by Greg Klein | October 21, 2013
With no white knight in sight, Rockgate Capital TSX:RGT directors reluctantly recommended shareholders accept Denison Mines’ TSX:DML “unsolicited opportunistic hostile takeover bid.” The October 21 announcement came after negotiations between financial adviser Dundee Securities and potential third party bidders failed to produce a superior offer.
Denison’s bid came through suddenly on September 17, just eight days before Rockgate shareholders were to vote on a proposed merger with Mega Uranium TSX:MGA. Rockgate directors called off the vote, noted several criticisms with Denison’s offer and recommended shareholders take no action pending further study and negotiations. Denison valued its offer, 0.192 of a Denison share for each Rockgate share, at about $26.7 million, a 38% premium over the Mega offer, based on September 16 prices.
For Rockgate to be subject to an unsolicited opportunistic hostile takeover bid at this crucial stage is disappointing to say the least.—Karl Kottmeier, president/CEO
of Rockgate Capital
In a statement accompanying Rockgate’s October 21 announcement, an obviously discouraged president/CEO Karl Kottmeier recounted how the company overcame seven years of tribulation only to succumb to Denison:
Over the past seven years Rockgate has developed the Falea uranium-silver-copper deposit into a potentially world class asset. We have raised over $90 million to fund that effort, weathered poor market conditions, the Fukushima disaster, a coup d’état in Mali, and an Al Qaeda invasion and occupation of almost half of the country, yet despite these significant challenges remained focused on building the Falea asset and responsibly managing the company. For Rockgate to be subject to an unsolicited opportunistic hostile takeover bid at this crucial stage is disappointing to say the least. We had hoped that shareholders of Rockgate would receive greater value from the strong fundamentals of the Falea project and not just based on the size of Rockgate’s cash reserves.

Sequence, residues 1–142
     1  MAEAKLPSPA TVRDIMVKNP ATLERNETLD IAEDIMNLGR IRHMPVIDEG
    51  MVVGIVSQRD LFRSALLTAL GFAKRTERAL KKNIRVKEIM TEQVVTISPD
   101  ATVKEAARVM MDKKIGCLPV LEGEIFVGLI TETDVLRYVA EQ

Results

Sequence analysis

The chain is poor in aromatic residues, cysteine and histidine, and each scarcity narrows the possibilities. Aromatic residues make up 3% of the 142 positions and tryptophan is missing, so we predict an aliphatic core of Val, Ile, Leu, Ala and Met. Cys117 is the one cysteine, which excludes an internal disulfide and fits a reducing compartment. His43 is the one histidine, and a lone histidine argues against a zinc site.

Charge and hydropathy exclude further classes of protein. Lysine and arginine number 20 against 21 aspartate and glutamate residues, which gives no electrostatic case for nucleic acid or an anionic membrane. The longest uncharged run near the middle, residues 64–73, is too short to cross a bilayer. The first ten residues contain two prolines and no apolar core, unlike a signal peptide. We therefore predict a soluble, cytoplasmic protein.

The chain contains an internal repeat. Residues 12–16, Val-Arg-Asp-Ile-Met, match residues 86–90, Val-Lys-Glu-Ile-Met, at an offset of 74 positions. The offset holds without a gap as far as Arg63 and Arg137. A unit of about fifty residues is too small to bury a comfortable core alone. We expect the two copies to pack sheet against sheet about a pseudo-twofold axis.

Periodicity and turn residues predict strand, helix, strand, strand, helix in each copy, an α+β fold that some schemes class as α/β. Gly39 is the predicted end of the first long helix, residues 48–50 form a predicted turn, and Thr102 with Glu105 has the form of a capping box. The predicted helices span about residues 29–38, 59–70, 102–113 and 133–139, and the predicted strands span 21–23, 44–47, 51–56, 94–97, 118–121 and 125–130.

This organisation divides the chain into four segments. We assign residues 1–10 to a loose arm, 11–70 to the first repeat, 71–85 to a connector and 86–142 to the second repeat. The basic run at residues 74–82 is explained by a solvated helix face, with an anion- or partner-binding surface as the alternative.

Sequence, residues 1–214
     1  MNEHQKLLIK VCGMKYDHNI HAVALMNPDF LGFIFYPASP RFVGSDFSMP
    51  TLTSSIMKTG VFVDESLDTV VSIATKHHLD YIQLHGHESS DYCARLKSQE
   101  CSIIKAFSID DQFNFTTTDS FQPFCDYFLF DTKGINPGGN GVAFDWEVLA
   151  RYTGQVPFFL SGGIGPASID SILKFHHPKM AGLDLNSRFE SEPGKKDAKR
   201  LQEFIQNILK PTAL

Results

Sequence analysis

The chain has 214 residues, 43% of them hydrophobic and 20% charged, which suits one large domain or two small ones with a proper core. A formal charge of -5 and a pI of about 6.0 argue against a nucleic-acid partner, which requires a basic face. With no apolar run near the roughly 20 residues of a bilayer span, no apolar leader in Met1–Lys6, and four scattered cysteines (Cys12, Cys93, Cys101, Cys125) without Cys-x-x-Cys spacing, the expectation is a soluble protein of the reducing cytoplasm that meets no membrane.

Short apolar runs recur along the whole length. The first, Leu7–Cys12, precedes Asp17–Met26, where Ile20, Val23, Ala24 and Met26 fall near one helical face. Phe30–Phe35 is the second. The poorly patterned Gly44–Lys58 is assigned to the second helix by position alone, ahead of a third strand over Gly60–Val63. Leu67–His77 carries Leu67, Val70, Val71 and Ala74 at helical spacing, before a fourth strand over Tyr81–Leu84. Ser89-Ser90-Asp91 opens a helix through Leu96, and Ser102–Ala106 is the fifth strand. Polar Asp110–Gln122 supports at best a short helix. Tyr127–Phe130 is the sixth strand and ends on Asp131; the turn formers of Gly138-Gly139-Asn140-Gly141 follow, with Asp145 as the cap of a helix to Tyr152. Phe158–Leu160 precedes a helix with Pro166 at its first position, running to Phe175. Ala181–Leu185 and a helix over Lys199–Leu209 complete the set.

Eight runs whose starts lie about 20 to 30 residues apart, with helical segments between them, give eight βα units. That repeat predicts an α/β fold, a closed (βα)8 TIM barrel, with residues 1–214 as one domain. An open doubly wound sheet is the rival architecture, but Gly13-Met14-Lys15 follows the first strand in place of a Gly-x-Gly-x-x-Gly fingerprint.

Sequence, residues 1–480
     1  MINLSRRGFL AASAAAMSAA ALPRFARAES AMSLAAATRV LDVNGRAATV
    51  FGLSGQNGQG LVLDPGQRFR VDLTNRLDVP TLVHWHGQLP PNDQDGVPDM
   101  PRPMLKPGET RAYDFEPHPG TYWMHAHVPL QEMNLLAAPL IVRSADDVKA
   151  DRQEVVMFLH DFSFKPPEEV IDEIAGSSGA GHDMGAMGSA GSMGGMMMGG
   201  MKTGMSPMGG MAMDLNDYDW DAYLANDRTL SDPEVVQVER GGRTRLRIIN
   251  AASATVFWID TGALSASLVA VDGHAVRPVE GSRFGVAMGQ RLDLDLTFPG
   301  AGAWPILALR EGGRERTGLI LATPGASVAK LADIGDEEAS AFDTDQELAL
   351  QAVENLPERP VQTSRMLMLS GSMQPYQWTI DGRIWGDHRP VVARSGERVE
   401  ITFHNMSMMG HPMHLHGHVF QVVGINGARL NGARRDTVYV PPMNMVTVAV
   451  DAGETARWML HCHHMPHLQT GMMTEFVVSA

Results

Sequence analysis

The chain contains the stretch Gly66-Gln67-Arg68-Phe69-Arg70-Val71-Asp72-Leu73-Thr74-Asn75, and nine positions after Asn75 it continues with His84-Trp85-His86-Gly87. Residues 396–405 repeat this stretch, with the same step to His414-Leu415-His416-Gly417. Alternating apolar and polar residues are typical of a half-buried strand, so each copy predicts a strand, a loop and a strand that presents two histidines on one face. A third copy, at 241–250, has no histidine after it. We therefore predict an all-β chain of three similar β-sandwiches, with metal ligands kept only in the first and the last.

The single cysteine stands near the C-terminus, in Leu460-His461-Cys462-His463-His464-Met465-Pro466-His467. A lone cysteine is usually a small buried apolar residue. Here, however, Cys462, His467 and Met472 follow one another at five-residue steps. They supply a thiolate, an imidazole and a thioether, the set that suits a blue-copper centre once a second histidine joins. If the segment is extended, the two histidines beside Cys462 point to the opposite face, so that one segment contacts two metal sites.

Updated last December, Falea’s resource estimate shows:
- a measured category of 1.39 million tonnes averaging 0.14% for 4.29 million pounds uranium oxide (U3O8)
- an indicated category of 14.28 million tonnes averaging 0.08% for 25.29 million pounds
- an inferred category of 15.35 million tonnes averaging 0.05% for 15.69 million pounds
Rockgate had a pre-feasibility study scheduled for January release.
Should its Rockgate proposal succeed, Denison has stated it will spin out its African assets to focus on Saskatchewan’s Athabasca Basin. In September, following a review by the Ontario Securities Commission, the company filed a new NI 43-101 to replace two previous reports for its Mutanga project in Zambia.
Rockgate also stated it would not oppose Denison’s request that the British Columbia Securities Commission impose a cease trade order on options granted to directors and senior staff. Denison had termed the options “improper defensive tactics.”
Denison’s offer remains open until October 25.
Rockgate shares opened October 21 at $0.19, half a cent above their previous close, dropped back to $0.185, rose to $0.205, then closed on $0.20. With 116.9 million shares outstanding, the market cap came to $23.38 million.
Denison opened the day at $1.03, a penny below the previous close and reached a high of $1.08 before closing on $1.07. The company had 449.93 million shares outstanding for a $481.42-million market cap.